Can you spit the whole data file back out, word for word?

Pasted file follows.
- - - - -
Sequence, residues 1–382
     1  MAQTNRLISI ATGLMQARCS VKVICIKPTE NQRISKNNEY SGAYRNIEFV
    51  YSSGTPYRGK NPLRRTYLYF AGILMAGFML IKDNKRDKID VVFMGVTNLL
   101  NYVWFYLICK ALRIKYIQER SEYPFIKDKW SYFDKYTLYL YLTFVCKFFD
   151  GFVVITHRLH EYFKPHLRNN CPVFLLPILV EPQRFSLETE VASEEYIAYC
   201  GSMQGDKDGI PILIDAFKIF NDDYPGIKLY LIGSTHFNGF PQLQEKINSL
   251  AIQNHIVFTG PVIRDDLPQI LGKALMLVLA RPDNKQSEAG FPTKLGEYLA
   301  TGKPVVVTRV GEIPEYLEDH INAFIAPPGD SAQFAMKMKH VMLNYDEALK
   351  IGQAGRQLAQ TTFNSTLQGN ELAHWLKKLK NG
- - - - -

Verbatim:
Sequence, residues 1–382
     1  MAQTNRLISI ATGLMQARCS VKVICIKPTE NQRISKNNEY SGAYRNIEFV
    51  YSSGTPYRGK NPLRRTYLYF AGILMAGFML IKDNKRDKID VVFMGVTNLL
   101  NYVWFYLICK ALRIKYIQER SEYPFIKDKW SYFDKYTLYL YLTFVCKFFD
   151  GFVVITHRLH EYFKPHLRNN CPVFLLPILV EPQRFSLETE VASEEYIAYC
   201  GSMQGDKDGI PILIDAFKIF NDDYPGIKLY LIGSTHFNGF PQLQEKINSL
   251  AIQNHIVFTG PVIRDDLPQI LGKALMLVLA RPDNKQSEAG FPTKLGEYLA
   301  TGKPVVVTRV GEIPEYLEDH INAFIAPPGD SAQFAMKMKH VMLNYDEALK
   351  IGQAGRQLAQ TTFNSTLQGN ELAHWLKKLK NG